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Harvard Business Review Case

Disney Case Study

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Harvard Business Review Case

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Laughter is timeless , imagination has no age , and dreams are forever.

Laughter is timeless , imagination has no age , and dreams are forever.

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Index Structure of the Walt Disney Company. History Merchandise Licensing and Disney Consumer Products. Disney at Supermarket. Issues. Nutrition Obesity and the American diet. Disney Nutritional Guidelines. Imagination Farms. SWOT Analysis The Competition. Conclusions.

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1923Debut of Mickey Mouse in Steamboat Willie

1932Licensing became a formal business unit

1954Debut in first television program1955Opened Disneyland in Anaheim, California

1980 s – 1990sRenaissance of Disney Animation1984Focus on entertainment assets

2004 The obesity epidemic2006 DCP Launched offerings of fresh fruits

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1923Established in 1923 by Walt Disney and his brother Ross.

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1929 : merchandising started :

• Pg 3 : last para

Disney started licensing it’s characters in the year 1929

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It launched the first TV programme in 1954.

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1955 : Disney land opened in California

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Disney acquiredBC media company in 1996.

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By 2006 : four major segments.By 2006, Walt Disney was compromised of 4 major categories.

Disney Media Networks.

Disney Studio Entertainment.

Disney parks and Resorts.

Disney Consumer Products

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1.Traditonal Licensing Model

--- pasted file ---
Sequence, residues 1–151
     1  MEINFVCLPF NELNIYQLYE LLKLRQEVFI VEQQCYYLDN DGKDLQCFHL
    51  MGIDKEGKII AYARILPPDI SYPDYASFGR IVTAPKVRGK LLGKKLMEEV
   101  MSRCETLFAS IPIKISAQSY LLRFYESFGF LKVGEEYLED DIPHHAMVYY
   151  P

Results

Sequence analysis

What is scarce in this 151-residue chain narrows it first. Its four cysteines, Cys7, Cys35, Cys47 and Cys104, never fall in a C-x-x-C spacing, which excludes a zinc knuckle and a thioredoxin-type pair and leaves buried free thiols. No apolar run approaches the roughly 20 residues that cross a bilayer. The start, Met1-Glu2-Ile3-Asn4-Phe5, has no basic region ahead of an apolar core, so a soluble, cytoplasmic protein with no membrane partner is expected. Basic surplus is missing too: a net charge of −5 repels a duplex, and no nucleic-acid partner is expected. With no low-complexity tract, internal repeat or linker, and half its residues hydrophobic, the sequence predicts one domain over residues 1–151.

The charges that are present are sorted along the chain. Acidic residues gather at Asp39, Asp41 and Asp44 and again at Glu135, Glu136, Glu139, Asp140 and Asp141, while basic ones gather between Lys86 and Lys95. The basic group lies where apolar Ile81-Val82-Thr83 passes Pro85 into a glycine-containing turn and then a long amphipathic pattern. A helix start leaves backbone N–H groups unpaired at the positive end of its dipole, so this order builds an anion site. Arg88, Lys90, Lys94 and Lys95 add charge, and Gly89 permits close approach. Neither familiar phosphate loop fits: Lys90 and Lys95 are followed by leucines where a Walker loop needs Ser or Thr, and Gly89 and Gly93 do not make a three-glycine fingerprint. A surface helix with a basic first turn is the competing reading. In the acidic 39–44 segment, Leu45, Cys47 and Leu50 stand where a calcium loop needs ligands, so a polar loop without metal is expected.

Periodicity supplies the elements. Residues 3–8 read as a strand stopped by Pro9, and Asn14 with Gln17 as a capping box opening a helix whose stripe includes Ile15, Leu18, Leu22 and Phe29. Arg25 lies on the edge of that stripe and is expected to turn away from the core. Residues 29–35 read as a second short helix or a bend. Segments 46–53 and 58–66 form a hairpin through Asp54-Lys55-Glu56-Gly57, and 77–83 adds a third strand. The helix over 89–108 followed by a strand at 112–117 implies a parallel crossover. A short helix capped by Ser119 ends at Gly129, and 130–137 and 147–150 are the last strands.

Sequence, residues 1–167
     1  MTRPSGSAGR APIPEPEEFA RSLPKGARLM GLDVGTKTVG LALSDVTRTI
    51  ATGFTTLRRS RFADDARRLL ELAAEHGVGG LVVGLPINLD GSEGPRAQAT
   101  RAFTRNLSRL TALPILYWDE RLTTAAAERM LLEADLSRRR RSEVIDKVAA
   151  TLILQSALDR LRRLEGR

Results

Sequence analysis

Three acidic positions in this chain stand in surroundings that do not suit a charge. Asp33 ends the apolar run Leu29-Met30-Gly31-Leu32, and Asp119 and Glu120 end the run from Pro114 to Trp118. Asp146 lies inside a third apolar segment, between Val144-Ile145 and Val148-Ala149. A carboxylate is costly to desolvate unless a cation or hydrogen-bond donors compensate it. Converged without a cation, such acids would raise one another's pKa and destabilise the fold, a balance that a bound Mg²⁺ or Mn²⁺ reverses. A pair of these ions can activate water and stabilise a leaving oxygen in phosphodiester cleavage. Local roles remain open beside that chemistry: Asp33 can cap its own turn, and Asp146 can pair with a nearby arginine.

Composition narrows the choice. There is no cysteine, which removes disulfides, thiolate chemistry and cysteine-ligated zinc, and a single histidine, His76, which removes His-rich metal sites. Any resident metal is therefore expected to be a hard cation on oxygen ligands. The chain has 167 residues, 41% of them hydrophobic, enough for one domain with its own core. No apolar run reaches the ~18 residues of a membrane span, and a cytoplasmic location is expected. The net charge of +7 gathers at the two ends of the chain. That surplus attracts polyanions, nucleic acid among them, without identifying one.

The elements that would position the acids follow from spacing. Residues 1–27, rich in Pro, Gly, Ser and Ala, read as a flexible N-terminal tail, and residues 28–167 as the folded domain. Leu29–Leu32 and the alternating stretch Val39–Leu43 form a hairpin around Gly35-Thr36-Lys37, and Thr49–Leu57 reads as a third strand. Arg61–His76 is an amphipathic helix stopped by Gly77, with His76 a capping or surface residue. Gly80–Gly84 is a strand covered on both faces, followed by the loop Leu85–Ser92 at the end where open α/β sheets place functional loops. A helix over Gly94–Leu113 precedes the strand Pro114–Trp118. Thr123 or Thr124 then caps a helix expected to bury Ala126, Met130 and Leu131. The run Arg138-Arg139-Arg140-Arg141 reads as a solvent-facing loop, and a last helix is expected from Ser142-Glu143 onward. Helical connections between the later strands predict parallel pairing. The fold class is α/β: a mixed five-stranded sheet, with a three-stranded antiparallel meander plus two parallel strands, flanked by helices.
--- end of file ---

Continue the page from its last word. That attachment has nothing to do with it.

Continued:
2.Sourcing Model

3.Direct to Retail (DTR) model

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The Obesity EpidemicFood industries were blamed for the raising obesity rates.

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Due to dramatic increase in childhood obesity , Disney started considering the nutritional value of its own food products.

Disney conducted a corporate-level audit of the food and beverage offerings within all its divisions.

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• Saw it as an advantage to enter the food industry with the “Better for you” strategy

DCP saw it as an opportunity to reinvent it’s foods.

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Guidelines from USDA

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Arrayed it’s products into 5 groups

Arrayed it’s products into 5 categories.

Main meal

Side Dish




Solution Plan

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Sent Mom on a shopping trip.

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What Children demand ??

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DCP developed a broad range ofproducts with Cincinnati-based Kroger Supermarkets

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Products that already had broad appeal such as milk or peanut butter need to be made “healthier”

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Products that are already healthy and make them more “fun”.EX: Whole wheat pasta could be moulded into character shapes.

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Product with attractive packaging to inspire product sampling . ex: making bottles in shape of characters

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STRENGTHSBrand recognitionCreative process

Strong diversificationCooperate with big retailers like KrogerResponsiveness to


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WEAKNESSLarge R&D costsHigh risk factor

Does not have own manufacturing for DCP

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Mother’s positive perception of the Disney brandDisney character’s popularity

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Differentiation form natural produce products

Pricing competition

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Baby Carrots and clementines bearing character images licensed by Nickelodeon , began to appear on supermarket shelves.

By end of 2005, unit sales of clementines increases by almost 25%.

Nickelodeon aimed to have every fruit a kid would want to eat must have a Nickelodeon character.

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ConclusionsContribution of wide distribution and Disney magic meant

that DCP would win over moms around the world.DCP also plan to make ties with other retailers , other

than krogers.With imagination farm products expected to cross the

number of items they produce with Kroger DCP is sure to be a success.

With the nutritional and dietary plan adopted by Disney the obesity epidemic can be kept effectively.

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Created by Bikash Sahoo, NIT-

Rourkela, during a Marketing

Internship under Prof. Sameer Mathur, IIM-